“Finding What Doesn’t Fit”: Adjusting the Focus on Education in Country Towns as a Limiting Case for the "Learning or Earning" Years
Limiting, or nonconforming cases are good tests in research for extending a concept's reach and broadening generalisations, but the method is under utilised in the formation and assessment of educational policy. In this paper a rural town is described as a case, among others, not fitting policy regulations for "learning or earning" in Years 11 and 12 in Queensland. It is argued, through a description of the production and reproduction of the town's service economy, that neither the curriculum nor the workforce can be placed within a theory of social and economic networking underpinning policies on retention and pathways upon which the Queensland legislation rests. Cases such as these are difficult to uncover because factors that best describe their true economic and social conditions tend to be compressed within statistical reporting models for educational regions. While the focus is on a rural town, the purpose is to advance policy design and implementation that seeks to sustain educational change in diverse conditions.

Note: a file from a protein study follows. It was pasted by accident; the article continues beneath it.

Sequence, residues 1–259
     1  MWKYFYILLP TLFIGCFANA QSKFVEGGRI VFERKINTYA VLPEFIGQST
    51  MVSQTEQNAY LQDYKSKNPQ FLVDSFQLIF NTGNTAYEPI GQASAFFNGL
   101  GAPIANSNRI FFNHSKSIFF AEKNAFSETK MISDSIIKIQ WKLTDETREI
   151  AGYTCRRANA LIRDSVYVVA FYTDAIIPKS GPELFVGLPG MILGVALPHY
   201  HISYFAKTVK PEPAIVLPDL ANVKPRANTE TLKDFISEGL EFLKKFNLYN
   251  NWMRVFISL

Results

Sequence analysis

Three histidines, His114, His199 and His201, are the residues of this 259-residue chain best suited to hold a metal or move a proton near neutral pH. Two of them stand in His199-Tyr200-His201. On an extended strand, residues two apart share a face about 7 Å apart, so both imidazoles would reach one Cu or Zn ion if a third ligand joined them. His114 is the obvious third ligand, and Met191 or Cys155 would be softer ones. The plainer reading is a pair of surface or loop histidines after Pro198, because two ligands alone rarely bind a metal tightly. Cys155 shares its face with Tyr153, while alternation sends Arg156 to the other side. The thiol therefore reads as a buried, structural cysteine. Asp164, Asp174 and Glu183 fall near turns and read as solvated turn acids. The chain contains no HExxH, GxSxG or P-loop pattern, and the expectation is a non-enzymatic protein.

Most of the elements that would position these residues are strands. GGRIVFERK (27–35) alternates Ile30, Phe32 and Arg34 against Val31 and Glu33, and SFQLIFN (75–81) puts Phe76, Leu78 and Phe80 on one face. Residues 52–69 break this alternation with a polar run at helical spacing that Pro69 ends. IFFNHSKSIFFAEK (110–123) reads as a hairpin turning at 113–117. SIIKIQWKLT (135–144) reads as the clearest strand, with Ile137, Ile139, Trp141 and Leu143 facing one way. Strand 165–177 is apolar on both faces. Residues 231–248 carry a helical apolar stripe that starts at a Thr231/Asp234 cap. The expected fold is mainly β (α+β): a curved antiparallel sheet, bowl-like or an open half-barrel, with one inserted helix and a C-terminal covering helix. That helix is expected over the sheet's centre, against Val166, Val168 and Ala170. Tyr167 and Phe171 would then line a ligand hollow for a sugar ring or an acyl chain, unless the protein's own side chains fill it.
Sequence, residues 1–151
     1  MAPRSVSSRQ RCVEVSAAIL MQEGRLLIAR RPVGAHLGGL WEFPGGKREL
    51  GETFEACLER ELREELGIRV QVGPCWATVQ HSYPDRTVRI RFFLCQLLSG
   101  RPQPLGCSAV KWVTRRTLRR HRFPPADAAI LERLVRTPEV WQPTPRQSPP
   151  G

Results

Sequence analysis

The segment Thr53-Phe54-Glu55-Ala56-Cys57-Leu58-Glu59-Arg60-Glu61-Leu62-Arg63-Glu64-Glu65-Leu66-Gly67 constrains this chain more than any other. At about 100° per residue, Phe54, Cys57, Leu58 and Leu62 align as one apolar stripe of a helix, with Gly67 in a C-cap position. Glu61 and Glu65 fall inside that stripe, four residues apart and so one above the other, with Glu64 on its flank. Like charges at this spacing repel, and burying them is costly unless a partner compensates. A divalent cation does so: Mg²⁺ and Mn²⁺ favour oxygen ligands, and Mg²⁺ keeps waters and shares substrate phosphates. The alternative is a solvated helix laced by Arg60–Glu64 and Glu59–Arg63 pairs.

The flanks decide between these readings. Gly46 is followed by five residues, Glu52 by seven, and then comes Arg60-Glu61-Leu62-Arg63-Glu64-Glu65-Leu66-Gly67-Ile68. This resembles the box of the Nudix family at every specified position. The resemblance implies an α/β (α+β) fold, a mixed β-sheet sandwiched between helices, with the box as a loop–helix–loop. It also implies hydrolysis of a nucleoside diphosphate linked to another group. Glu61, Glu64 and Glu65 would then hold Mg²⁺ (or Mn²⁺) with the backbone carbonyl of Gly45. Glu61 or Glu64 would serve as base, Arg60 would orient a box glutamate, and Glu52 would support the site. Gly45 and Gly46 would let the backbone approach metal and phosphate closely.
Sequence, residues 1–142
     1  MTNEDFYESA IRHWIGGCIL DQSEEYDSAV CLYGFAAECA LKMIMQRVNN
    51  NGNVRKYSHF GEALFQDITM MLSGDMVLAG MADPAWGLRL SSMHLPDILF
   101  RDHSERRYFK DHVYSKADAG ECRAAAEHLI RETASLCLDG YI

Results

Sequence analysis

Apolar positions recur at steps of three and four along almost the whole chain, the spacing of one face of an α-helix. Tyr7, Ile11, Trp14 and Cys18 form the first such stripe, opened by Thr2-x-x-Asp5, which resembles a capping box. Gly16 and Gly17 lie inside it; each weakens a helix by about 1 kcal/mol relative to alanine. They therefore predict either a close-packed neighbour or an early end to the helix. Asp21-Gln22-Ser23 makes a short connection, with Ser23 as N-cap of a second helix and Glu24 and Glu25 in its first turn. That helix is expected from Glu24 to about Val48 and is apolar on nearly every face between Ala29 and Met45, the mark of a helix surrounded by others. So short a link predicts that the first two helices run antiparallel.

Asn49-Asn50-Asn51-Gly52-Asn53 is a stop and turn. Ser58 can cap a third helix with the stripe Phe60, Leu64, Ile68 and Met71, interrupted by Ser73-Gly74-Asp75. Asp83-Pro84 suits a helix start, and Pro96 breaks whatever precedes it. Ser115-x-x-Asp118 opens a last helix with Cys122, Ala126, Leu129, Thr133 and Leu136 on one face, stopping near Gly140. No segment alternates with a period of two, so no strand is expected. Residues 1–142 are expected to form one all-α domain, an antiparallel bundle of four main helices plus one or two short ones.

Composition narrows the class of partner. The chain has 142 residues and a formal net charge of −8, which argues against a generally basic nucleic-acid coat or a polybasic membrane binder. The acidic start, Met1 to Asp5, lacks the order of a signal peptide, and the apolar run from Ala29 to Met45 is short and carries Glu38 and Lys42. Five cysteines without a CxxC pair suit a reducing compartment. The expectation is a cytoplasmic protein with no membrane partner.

The Australian Educational Researcher